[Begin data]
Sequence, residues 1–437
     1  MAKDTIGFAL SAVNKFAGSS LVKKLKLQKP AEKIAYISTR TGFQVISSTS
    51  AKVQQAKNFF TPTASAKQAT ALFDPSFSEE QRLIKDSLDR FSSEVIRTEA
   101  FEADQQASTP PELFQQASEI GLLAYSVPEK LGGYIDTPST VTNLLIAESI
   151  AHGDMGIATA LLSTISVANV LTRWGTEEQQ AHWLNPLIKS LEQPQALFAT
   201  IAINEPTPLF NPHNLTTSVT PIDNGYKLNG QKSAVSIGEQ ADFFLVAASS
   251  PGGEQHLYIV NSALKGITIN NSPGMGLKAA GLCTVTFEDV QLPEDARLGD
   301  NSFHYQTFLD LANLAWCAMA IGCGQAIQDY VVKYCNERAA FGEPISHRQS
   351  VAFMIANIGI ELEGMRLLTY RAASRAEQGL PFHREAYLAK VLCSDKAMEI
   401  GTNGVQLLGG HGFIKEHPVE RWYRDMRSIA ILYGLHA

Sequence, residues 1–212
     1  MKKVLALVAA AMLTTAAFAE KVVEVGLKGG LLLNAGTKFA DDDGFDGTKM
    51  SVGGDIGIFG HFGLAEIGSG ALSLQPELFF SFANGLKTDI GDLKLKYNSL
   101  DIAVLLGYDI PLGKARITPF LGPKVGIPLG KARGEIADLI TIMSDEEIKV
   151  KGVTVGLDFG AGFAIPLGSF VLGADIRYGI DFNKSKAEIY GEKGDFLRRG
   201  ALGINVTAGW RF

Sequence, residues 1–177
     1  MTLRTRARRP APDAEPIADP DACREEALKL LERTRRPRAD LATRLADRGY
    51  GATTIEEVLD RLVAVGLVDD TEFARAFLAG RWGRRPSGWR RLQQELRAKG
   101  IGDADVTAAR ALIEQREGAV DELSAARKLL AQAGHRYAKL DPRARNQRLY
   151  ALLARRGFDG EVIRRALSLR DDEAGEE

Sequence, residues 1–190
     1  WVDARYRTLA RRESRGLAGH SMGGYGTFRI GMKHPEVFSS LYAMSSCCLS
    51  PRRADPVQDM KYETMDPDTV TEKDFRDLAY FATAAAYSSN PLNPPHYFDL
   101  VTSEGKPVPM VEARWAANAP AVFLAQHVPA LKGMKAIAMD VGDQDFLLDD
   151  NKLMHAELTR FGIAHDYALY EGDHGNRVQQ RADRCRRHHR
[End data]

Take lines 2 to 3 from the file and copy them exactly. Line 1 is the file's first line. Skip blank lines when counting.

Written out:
     1  MAKDTIGFAL SAVNKFAGSS LVKKLKLQKP AEKIAYISTR TGFQVISSTS
    51  AKVQQAKNFF TPTASAKQAT ALFDPSFSEE QRLIKDSLDR FSSEVIRTEA